Eliza Griffin Johnston, artist and diarist, the second wife of Gen. Albert Sidney Johnston, was born in Fincastle, Virginia, on December 26, 1821, the youngest child and only daughter of John Caswell and Mary (Hancock) Griffin. Her parents died when she was about four years old, and she was raised by her grandmother, Margaret Strother Hancock, and later her uncle, Col. George Hancock, who moved to Kentucky in 1830. Eliza completed her education at a prestigious school in Philadelphia. In addition to learning social graces, she became an artist and an accomplished musician. She also developed a familiarity with several languages and could read and speak French fluently.
She was a cousin by marriage of Albert Sidney Johnston, who began courting her when she was about eighteen. They were married on October 3, 1843. In November they went on the first of many journeys to Texas. After dividing the first two years of their married life between Texas and Kentucky, the couple, with their baby son, moved to Galveston. They later settled on Johnston's plantation, China Grove, forty miles from Galveston, where they lived in a double log cabin for about three years. In her free time Mrs. Johnston painted watercolors of birds and flowers. She wrote, "I think myself as much of a fixture in Texas as one of its live oaks." Two children were born on the plantation. Unable to meet mortgage payments, the Johnstons were forced to leave China Grove, and the plantation was sold at auction.
The family returned to Kentucky in the spring of 1850, but moved to Texas once again when Albert became army paymaster for the Department of Texas. They settled in Austin, where Eliza spent her leisure time painting plants and flowers. A daughter was born there. By lobbying President Franklin Pierce and Secretary of War Jefferson Davis, Eliza and other family members helped Johnston receive the appointment to command the newly formed Second Cavalry regiment. She kept a diary in the fall of 1855 and winter of 1856 as she traveled with her husband and his regiment from Jefferson Barracks, Missouri, to Fort Mason, on the Texas frontier, more than 700 miles away. It is the best source of information on the regiment's journey. She described the hardships of the march, camp life, foods, plants, flowers, illnesses, and death. The diary also gives clues to the personalities of many military men who became famous in the Civil War.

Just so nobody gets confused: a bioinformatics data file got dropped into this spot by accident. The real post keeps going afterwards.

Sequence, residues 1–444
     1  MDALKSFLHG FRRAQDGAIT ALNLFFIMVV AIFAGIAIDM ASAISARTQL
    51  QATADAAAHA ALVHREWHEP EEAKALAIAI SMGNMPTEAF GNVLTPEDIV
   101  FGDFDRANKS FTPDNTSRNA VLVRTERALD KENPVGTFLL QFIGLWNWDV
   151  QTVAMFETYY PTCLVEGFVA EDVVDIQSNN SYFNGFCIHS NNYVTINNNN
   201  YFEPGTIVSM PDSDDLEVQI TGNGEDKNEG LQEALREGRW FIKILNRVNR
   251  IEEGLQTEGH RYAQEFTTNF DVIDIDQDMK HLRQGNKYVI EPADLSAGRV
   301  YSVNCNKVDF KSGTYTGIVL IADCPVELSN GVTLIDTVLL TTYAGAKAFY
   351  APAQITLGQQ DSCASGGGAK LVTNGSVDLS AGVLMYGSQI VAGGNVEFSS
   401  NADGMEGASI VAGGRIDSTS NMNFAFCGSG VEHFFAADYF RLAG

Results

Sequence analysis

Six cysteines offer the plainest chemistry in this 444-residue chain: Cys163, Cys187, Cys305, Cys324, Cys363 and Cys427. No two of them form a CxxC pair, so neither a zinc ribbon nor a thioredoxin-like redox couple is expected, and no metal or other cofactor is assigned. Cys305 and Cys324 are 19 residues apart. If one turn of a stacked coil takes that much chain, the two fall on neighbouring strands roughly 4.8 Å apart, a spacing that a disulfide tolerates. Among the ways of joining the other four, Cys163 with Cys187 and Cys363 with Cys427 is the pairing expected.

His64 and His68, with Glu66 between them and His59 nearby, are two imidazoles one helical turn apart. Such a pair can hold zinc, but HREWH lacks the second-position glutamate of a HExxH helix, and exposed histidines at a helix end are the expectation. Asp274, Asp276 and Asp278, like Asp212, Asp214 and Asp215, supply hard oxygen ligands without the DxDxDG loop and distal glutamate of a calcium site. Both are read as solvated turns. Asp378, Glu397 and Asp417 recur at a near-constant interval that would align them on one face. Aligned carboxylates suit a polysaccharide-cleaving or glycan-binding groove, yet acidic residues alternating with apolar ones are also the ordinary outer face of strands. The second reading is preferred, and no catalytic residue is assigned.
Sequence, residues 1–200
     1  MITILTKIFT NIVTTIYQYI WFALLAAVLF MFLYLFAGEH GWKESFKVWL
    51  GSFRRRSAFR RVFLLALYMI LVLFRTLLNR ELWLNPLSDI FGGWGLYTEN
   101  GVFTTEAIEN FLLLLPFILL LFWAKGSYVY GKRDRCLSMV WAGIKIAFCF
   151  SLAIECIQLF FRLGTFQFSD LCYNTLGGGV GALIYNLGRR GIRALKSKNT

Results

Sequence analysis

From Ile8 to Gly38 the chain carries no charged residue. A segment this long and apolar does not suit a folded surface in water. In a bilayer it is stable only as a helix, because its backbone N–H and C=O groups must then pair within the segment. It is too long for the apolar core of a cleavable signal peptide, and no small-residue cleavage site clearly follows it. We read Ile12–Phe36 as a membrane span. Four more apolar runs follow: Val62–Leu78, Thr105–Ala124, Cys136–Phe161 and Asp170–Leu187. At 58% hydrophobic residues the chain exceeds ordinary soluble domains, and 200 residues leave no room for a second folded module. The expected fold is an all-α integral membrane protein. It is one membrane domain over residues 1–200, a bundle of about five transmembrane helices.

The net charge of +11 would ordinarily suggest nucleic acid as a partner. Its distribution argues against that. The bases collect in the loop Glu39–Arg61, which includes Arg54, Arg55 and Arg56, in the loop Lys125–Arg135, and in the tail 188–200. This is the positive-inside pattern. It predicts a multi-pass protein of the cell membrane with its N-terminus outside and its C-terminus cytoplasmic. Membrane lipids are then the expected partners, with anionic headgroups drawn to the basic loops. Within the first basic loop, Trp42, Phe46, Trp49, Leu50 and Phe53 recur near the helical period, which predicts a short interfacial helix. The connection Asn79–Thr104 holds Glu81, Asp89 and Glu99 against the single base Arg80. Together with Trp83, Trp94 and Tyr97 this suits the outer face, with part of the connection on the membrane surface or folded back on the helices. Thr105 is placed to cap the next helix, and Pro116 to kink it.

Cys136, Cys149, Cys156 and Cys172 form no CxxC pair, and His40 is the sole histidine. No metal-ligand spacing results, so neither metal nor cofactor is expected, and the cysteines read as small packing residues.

The Johnstons spent the next several years in Texas. In November 1860 Johnston was given command of the Department of California, and the family moved to San Francisco. When Texas seceded from the Union he resigned his commission, and the family moved to Los Angeles, where Eliza's brother, Dr. John S. Griffin, a retired military surgeon, resided. A sixth child was born two months after Johnston left California to join the Confederacy. After he was killed at Shiloh in April 1862, Eliza raised their remaining five children on her own. In 1894 she donated relics of her husband and family to the Daughters of the Republic of Texas. The donation included a book she had compiled for her husband of watercolors of Texas wildflowers she had painted in the 1840s and 1850s. She continued to reside in Los Angeles until her death on September 25, 1896. Texas Wild Flowers, a book of 101 of her paintings, was published in 1972.